Feb 27, 2017 09:24 AM EST
NASA’s Mars Mission: Martian Metal Provides Stronger Vehicles, Parts And Habitats
NASA continues to improve its space missions and equipment. As the space agency is planning to go into deep space and take longer space duration missions, it is vital that they create hardware that can withstand any environment and obstacles.
Which is why Matt Damon's character, Mark Watney, in the movie "The Martian" is a somewhat apt reference. The harsh conditions on the red planet can be difficult on such equipment. But kidding aside, NASA is developing newer technologies using new materials such as carabon nanotubes for transit vehicles and habitats that can be used in deep space missions.
Such technology from NASA can be used in the Mars mission. The idea about having a living space actually came from recommendations from different multi-disciplinary, university research institutes, as reported by Science Times. This kind of collaboration can help create sustained human living on Mars.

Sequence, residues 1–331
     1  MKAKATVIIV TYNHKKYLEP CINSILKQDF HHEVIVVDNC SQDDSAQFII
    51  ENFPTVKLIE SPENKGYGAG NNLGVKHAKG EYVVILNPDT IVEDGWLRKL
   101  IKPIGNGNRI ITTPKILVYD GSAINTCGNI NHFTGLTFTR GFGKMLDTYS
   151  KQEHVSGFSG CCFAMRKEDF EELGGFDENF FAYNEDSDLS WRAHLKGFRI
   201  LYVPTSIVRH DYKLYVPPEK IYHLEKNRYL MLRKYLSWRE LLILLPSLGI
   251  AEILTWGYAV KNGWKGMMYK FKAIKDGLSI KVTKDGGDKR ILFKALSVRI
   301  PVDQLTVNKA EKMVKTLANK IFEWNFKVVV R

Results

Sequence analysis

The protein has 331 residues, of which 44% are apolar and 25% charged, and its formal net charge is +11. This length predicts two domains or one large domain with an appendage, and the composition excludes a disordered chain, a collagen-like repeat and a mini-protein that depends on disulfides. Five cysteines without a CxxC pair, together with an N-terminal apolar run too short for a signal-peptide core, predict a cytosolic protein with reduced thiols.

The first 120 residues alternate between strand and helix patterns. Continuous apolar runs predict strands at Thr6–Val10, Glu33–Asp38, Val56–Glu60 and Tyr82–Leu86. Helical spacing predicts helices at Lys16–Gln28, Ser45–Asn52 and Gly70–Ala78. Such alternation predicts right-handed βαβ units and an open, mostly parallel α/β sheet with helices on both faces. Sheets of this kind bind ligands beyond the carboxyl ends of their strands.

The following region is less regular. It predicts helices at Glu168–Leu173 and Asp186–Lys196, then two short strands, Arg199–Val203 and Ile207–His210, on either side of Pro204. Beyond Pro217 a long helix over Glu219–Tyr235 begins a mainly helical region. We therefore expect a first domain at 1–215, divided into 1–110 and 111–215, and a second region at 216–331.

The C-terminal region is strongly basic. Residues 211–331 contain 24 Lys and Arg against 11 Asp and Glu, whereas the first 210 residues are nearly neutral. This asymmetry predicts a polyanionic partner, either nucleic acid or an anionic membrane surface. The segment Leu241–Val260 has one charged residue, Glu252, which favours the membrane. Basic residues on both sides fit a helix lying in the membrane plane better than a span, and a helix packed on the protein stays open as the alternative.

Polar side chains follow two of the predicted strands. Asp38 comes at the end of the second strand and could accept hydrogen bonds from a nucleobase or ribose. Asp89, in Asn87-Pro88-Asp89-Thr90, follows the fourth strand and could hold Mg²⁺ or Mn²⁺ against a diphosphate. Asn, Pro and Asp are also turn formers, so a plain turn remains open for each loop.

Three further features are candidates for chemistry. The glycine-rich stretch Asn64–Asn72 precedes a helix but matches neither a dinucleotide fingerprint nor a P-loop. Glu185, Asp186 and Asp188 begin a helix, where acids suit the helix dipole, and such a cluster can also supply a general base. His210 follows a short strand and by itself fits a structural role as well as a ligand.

NASA is also building a vehicle that is light-weight, using carbon nanotube as the main material, according to Planet Tech News.
Currently, NASA is also partnering with the University of Central Florida to extract materials In the Mars soil samples. They can use this and the knowledge attained from it to determine the type of environment the vehicle and habitat need to withstand and work on.
Professor Sudipta Seal, the interim chair of UCF's Materials Science and Engineering program, says that they are planning to use a 3D printer to make the parts of the vehicle, hardware, ship, electronics and habitat, with the metal from the soil or regolith.
University of Central Florida's aim is to find out what kind of pieces they can construct with the metal. NASA's study on the molten regolith electrolysis will need more research. When it comes to space exploration, agencies like NASA, SpaceX and Mars one agreed that Mars missions will require such resources.
Watch NASA's clip below of some of the breakthroughs when it comes to the Mars mission:
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